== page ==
Shortly after Barack Obama became President, I saw an interview he gave about his early days in the job.
Most of us will remember that American was in the midst of the greatest economic crisis since the Great Depression — first among countless, immediate issues on the President’s desk at the time.
The interviewer asked him where he entertained the most doubt. He didn’t hesitate in his answer: parenting.
I thought the comment rather flippant at the time. After all, how could someone navigating such complexity say that being a parent was honestly where he entertained the most doubt?
That was before we had children.
Five years into parenting, the comment makes strikes me as more authentic than ever — and almost always the area of life where I also entertain the most doubts about my leadership abilities.
When I came across No Drama Discipline* for the first time, it changed my view of how to handle discipline with our kids. Tina Payne Bryson joined me on the podcast this week to teach us how we can be better leaders and teachers for our children.
In the spirit of leading kids well, the resources in this week’s guide will help you gain more confidence (and heart) with all our children.Read More
I often find myself in a state of regret after airing the monthly Q&A show. When listening back to my responses, I can’t help but often think, “Why didn’t I say [INSERT WISE THOUGHT HERE]?”
This month’s moment of regret came when listening back to my answer to Michael’s question about what to do when someone is hesitant to step into a leadership role. I gave what may have been a helpful response, but in retrospect, completely missed the bigger point.
We all have a chance to lead — regardless of title or position. With very few exceptions, we should be working hard — all of us — to develop the leadership skills of the people around us. This is true regardless of position, role, or long-term career trajectory of the person in question.
If you wish to take up this challenge, I’d encourage you to start by listening to episode #241 with David Marquet. David did a masterful job of teaching us how to use language into order to turn followers into leaders. It’s the place to start if you want to empower the people you lead to start leading more themselves.Read More
There’s the temptation to listen to this week’s episode with Mike Erwin, co-author of Lead Yourself First: Inspiring Leadership Through Solitude*, and hike off into the wilderness for several days. While I’m a big fan of nature (and got deep into it a few times this summer) it’s not the place for most of us to start with solitude.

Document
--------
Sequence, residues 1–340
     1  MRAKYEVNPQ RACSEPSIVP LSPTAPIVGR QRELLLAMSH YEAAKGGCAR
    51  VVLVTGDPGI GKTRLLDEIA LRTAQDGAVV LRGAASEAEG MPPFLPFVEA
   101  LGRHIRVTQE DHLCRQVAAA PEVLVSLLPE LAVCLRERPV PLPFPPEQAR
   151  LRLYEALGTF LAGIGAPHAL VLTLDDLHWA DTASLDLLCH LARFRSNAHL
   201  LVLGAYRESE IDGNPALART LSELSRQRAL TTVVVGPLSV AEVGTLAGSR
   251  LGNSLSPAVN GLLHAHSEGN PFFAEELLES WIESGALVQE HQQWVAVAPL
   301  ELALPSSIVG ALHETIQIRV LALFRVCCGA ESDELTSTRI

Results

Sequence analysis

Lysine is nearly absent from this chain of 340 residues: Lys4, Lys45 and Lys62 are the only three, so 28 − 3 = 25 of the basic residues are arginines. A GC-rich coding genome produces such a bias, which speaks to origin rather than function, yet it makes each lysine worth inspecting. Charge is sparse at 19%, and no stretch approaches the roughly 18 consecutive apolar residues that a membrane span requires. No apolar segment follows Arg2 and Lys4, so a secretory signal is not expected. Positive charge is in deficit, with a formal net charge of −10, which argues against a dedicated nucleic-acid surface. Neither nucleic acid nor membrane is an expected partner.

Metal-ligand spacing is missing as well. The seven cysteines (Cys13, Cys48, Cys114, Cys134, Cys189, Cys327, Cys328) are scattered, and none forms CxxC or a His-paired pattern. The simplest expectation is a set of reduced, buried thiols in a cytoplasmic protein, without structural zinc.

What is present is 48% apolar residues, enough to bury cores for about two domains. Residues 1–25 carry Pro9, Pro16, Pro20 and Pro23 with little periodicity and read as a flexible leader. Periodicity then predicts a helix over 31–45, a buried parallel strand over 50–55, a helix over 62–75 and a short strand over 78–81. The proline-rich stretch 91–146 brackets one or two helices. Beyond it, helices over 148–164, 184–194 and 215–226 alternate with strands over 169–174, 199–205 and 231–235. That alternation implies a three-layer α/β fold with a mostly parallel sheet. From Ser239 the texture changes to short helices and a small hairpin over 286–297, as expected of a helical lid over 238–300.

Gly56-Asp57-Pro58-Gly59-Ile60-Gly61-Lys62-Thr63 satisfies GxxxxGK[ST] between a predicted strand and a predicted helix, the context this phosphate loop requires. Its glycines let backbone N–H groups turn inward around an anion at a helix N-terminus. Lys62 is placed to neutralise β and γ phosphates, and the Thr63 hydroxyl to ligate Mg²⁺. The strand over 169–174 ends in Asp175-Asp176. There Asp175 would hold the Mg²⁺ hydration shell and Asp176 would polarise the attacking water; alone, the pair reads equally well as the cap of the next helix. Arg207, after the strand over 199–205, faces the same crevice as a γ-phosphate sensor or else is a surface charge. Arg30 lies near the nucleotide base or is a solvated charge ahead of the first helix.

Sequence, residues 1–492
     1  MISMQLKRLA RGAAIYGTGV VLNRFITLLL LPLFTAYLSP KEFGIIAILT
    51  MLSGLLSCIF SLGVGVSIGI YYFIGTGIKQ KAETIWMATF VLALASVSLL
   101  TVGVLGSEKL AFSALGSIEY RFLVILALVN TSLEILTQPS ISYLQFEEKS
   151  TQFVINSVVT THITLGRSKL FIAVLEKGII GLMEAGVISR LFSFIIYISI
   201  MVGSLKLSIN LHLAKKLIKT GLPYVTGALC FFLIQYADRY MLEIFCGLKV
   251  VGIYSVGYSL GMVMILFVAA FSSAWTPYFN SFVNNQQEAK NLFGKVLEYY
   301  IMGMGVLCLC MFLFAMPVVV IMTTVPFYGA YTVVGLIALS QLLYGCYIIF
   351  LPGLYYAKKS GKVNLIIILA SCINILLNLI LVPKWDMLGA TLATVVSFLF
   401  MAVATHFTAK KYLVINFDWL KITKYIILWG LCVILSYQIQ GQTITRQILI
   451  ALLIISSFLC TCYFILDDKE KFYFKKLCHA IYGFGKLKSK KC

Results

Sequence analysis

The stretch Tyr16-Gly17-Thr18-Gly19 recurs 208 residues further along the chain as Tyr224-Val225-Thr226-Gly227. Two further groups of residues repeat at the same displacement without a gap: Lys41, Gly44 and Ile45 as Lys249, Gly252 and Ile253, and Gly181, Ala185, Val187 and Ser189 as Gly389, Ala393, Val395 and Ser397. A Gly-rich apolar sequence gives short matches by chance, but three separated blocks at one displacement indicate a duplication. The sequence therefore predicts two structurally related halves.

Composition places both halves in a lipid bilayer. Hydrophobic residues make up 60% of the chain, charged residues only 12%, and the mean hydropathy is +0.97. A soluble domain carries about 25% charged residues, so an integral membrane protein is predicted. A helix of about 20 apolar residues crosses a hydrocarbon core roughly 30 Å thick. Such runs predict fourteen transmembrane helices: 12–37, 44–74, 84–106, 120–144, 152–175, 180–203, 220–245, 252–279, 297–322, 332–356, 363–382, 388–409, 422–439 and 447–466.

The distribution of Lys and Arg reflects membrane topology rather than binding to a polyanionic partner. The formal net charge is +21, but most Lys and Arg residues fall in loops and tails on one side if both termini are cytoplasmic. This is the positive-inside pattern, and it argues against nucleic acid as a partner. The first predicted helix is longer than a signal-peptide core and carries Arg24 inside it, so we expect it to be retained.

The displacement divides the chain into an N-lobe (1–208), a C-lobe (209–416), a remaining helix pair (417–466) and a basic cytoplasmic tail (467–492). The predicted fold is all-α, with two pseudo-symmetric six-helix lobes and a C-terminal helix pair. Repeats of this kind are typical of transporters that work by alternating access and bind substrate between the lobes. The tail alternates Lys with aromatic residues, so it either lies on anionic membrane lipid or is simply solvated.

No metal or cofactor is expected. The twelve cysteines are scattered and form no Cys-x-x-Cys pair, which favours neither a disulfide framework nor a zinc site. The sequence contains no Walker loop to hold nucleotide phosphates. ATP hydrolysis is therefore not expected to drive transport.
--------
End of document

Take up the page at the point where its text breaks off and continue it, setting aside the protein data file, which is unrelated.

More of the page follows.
More likely we’ll all benefit from solitude as a more regular practice in the typical weeks and months of our lives — when we’re attempting to do the best work for our organizations and families.
In that spirit, I encourage you to make a time for a small moment of solitude this week. Perhaps it’s a short bit of writing you do just for yourself. Perhaps, like me, it’s locking up the iPhone somewhere else for an hour or two each day.
Solitude is less about where you are and more about what you stop doing. This week’s guide below provides even more ideas.Read More
Almost every organization I connect with has the espoused value of supporting an inclusive workplace. Many organizations also take action on this value through employee resource groups, diversity training, and tons of other activities.
Yet, it’s also the case that these efforts, genuine as they are, often are perceived as lacking. This is further complicated by the complexity of inclusiveness — a value that even if we hold dearly, most of us have made mistakes with in the past.
That’s why I was intrigued with what Deloitte is doing on inclusion, after noticing that the needs of their employees were changing. Deepa Purushothaman, National Managing Principal of Inclusion at Deloitte, joined me this week to discuss their strategy — and help us learn how to take better action, too.Read More
Years ago, I had a difference of opinion with a client on the use of the word “autonomy” in relation to leadership.
We were creating a training program for managers and the client was concerned that featuring the word “autonomy” in the curriculum might cause managers to think they could let employees do whatever they wanted. I thought this unlikely, but agreed to revise the language to “appropriate autonomy.”
Looking back, perhaps the client was wiser than I gave them credit for at the time. While I still doubt our particular wording was significant either way, I’ve certainly see lots of leaders forego their responsibility to provide accountability.
A lot of us fear being the mircomanager we worked for at some point in the past — and even more of us want to provide good accountability, but don’t know exactly where to begin.
That’s why I was glad to welcome Jonathan Raymond to the show this week, author of Good Authority: How to Become the Leader Your Team Is Waiting For*. Jonathan taught us five, practical steps to hold people accountable, while still maintaining (and growing) our relationship with those we influence.Read More